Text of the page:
Meeting the ethical needs of doctorsBMJ 2005; 330 doi: https://doi.org/10.1136/bmj.330.7494.741 (Published 31 March 2005) Cite this as: BMJ 2005;330:741
- Daniel K Sokol, doctoral candidate in medical ethics (firstname.lastname@example.org)
- Medical Ethics Unit, Department of Primary Health Care and General Practice, Imperial College, London W6 8RP
We need clinical ethicists in addition to other measures
A sound knowledge of medical ethics is essential to the good practice of medicine. This belief underlies the integration of medical ethics into the teaching of medical students, the proliferation of articles and textbooks on the subject, the increasing number of clinical ethics committees in NHS trusts, and the BMJ's new series on medico-ethical problems in everyday practice.1–5 These are all indications that medical ethics constitutes an important component of medical practice. But even more conclusive evidence exists that doctors need help with ethical problems.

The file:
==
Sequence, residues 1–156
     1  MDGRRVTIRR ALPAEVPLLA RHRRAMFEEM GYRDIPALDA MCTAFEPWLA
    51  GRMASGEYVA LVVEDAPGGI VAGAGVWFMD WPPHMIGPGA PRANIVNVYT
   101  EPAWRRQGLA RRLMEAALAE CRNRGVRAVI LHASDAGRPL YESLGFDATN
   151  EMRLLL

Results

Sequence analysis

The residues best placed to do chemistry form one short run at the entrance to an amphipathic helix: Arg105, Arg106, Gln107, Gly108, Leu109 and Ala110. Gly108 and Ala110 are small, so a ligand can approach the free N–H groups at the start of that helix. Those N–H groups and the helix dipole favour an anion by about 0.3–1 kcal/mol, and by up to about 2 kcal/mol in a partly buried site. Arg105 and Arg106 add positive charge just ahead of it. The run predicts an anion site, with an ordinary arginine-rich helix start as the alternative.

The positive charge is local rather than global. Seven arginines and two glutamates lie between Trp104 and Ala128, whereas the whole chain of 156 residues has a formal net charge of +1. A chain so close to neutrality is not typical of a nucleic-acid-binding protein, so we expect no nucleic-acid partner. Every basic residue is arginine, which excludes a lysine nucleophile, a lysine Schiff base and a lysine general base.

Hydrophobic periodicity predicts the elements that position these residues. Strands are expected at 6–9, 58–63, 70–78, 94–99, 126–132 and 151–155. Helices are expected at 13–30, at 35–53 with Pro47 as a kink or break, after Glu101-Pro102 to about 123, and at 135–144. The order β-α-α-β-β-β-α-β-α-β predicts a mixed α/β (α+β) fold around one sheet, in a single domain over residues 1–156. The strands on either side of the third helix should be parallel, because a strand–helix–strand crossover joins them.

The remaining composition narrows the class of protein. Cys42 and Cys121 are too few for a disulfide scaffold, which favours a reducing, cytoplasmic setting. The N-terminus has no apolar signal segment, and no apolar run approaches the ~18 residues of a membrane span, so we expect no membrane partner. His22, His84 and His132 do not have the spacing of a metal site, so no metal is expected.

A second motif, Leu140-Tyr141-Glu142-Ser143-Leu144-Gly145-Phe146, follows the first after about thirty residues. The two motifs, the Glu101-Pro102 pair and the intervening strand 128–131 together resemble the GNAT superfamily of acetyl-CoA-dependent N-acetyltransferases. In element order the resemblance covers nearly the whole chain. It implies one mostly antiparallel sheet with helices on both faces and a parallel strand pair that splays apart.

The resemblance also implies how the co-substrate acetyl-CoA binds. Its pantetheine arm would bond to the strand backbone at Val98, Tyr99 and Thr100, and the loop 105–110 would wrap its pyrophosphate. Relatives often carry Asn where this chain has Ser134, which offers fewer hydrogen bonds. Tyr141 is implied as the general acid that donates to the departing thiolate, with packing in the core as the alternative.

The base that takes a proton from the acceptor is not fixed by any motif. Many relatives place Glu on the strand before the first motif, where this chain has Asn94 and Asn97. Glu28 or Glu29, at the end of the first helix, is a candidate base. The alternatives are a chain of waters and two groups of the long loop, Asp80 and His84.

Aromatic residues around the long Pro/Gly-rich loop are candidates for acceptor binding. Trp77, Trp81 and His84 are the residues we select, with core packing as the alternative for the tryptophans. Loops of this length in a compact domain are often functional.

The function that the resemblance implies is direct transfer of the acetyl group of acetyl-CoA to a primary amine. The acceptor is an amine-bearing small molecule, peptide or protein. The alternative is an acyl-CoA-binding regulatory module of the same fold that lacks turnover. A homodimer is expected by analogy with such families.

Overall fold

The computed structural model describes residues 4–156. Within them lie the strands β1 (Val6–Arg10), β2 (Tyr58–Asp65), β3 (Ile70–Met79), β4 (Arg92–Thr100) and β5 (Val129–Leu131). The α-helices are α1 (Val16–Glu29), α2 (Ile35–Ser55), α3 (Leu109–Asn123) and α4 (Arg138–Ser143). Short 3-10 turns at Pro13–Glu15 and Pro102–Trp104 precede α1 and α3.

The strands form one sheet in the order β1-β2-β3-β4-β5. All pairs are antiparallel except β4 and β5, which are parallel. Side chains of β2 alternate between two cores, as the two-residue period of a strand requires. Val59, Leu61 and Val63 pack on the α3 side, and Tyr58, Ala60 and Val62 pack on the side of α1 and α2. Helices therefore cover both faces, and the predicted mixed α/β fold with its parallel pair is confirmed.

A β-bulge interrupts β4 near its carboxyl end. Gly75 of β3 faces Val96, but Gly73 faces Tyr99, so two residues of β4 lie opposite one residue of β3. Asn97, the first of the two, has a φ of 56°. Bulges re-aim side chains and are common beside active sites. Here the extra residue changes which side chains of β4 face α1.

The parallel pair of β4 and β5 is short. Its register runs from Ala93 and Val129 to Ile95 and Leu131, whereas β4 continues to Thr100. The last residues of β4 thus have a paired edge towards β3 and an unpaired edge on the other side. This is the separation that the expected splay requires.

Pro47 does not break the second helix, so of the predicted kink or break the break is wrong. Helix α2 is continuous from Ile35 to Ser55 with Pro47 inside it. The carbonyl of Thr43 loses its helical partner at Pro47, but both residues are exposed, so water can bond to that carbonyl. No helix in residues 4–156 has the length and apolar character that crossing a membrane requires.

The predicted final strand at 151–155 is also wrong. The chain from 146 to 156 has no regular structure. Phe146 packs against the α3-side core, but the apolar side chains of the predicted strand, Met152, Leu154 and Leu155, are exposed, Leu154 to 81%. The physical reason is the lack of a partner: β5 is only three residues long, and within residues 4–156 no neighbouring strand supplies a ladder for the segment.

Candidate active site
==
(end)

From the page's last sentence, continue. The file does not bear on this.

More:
The BMA receives several thousand enquiries each year from concerned doctors confronted with ethical issues.6 No doubt many more doctors do not make use of the BMA's services through lack of time or embarrassment. Some doctors, especially if junior, may not wish to rock the boat by pointing to an ethically dubious practice. House officers, for example, may not feel comfortable obtaining consent from a patient for an unfamiliar procedure, but they may feel even more awkward raising the issue with a consultant. Others simply fail to identify the ethical problems pervading their day to day …